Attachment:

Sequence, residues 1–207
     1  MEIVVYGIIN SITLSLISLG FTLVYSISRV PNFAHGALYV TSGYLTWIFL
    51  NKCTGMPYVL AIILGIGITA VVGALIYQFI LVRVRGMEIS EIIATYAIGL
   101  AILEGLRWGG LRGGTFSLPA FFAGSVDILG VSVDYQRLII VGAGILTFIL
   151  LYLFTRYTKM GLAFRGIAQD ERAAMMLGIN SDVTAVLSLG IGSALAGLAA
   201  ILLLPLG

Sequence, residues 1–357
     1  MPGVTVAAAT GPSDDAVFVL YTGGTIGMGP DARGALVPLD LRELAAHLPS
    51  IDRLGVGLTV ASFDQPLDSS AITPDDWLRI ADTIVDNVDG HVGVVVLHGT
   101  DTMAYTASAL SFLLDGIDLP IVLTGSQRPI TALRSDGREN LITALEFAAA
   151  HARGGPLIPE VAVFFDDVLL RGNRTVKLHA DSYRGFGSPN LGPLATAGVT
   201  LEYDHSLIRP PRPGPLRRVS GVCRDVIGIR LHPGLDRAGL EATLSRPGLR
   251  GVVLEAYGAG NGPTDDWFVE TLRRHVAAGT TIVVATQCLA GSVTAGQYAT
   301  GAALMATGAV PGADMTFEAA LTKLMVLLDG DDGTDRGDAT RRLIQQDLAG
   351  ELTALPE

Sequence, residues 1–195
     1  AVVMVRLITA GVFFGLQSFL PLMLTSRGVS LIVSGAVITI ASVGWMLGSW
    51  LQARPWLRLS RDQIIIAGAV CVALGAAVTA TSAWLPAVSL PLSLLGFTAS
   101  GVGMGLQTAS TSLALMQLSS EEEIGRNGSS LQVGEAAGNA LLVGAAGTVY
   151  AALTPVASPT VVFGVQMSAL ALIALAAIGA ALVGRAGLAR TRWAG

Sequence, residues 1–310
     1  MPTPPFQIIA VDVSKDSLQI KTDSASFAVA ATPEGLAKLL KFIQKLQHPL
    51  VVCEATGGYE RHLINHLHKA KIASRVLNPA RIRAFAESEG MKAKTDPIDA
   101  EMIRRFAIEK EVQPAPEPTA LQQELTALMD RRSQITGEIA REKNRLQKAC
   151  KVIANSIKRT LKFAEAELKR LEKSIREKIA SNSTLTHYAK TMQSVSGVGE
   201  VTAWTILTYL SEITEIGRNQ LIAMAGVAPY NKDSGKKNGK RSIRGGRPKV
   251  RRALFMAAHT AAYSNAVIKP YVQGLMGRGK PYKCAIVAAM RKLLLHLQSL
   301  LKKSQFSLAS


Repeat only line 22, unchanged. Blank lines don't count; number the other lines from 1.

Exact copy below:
     1  MPTPPFQIIA VDVSKDSLQI KTDSASFAVA ATPEGLAKLL KFIQKLQHPL